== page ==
Working in a field that uses heavy parts and tools and typically greasy or dirty equipment, you’ll need to make sure you follow the safety precautions your organization has in place. Keeping service records and ensuring the summaries are completed thoroughly is an important part of the job. You’ll need to know how to trace fault codes and rectify them, and interpret and prepare maintenance records, too. Keeping your toolbox and parts clean and organized is important for every mechanic - so you’re always ready for that next service call.

As a Diesel Mechanic your team skills will come into play. You’ll be working with everyone from your co-workers on the shop floor to your managers and clients. Diesel Mechanics are great problem solvers. Being able to discuss issues and bounce your ideas off your teammates is often the key to finding the best outcome. Relying on the expertise of another person to figure out a problem is common, like collaborating with engineers from other companies who’ve been brought in to provide long-term solutions for customers. For Diesel Mechanics with a passion for fixing things and learning new skills, a huge benefit of the job is the variety of work and locations. From inspecting equipment or repairing machines to taking a service call on site, no two days are the same.

Working on so many different types of machines, drawing on your experience will help you get the job done. You’ll find there are always opportunities to think creatively. This is a satisfying job with great career opportunities and a solid entry-level pay check.

To find out more about how to get the right training for you, check out our How to Become a Diesel Mechanic page.

 

Also, check out other great jobs in Transportation>
The lowdown on a career as a Diesel Mechanic

Diesel Mechanic Training in Your Area

Coordinates
University of Arkansas - Pulaski Technical College logo

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University of Arkansas - Pulaski Technical College
North Little Rock (248.8 Miles)
University of Arkansas - Pulaski Technical College logo

Diesel Technology Certificate

University of Arkansas - Pulaski Technical College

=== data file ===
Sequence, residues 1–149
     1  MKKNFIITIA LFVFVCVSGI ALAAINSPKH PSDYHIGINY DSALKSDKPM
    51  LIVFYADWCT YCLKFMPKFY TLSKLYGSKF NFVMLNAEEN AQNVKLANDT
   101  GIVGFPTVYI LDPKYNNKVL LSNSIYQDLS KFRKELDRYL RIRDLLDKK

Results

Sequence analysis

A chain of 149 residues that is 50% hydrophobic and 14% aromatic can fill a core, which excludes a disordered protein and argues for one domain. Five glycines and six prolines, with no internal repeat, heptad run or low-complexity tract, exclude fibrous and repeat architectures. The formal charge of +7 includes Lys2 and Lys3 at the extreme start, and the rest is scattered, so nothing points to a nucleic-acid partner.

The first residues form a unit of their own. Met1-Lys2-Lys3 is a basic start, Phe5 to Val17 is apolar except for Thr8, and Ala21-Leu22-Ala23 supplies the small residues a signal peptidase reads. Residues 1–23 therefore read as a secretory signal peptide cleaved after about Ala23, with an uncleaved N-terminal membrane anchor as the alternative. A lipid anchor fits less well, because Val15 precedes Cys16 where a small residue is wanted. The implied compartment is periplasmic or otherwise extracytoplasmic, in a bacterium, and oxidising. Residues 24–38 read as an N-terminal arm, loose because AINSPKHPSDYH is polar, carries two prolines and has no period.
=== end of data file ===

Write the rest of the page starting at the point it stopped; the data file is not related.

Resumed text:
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Green Diesel Technology, Certificate

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Lincoln Tech logo

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Diesel and Truck with Automotive Technology Diploma Program - Grand Prairie

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Des Moines Area Community College logo

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Des Moines Area Community College
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Des Moines Area Community College logo

Diesel Technology, A.A.S

Des Moines Area Community College
Ankey (338.2 Miles)
Northeast Community College logo

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Northeast Community College
Norfolk (354.2 Miles)
Northeast Community College logo

Diesel Technology - Truck, A.A.S.

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Amarillo College logo

Diesel Technology- Basic Certificate

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Find Diesel Mechanic Jobs in Your Area

Coordinates

Maintenance Technician I

National Express Corporation
Greensboro ( 0.0 ) Miles
Posted 1 year 1 month ago

Field Service & Technical Advising Specialist

Wabtec Corporation
Remote ( 0.0 ) Miles
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National Express Corporation
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School Bus -Head Mechanic

Bensenville School District
Bensenville ( 0.0 ) Miles
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Service Employee/ Shop Hand TOP PAY!!!

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Coffeyville - Lead Automotive & Diesel Technician

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Estes Express Lines, Inc.
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Plug Power Inc.